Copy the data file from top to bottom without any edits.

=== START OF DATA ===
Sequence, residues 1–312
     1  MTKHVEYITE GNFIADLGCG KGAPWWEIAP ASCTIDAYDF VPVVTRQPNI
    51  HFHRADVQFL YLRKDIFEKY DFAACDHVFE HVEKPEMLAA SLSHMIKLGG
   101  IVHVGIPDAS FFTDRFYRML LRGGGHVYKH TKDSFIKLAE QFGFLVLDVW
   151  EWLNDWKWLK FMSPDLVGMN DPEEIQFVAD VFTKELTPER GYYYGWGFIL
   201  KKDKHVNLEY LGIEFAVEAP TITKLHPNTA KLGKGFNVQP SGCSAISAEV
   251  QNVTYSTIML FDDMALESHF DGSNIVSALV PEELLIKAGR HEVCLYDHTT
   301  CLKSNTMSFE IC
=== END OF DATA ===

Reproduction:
Sequence, residues 1–312
     1  MTKHVEYITE GNFIADLGCG KGAPWWEIAP ASCTIDAYDF VPVVTRQPNI
    51  HFHRADVQFL YLRKDIFEKY DFAACDHVFE HVEKPEMLAA SLSHMIKLGG
   101  IVHVGIPDAS FFTDRFYRML LRGGGHVYKH TKDSFIKLAE QFGFLVLDVW
   151  EWLNDWKWLK FMSPDLVGMN DPEEIQFVAD VFTKELTPER GYYYGWGFIL
   201  KKDKHVNLEY LGIEFAVEAP TITKLHPNTA KLGKGFNVQP SGCSAISAEV
   251  QNVTYSTIML FDDMALESHF DGSNIVSALV PEELLIKAGR HEVCLYDHTT
   301  CLKSNTMSFE IC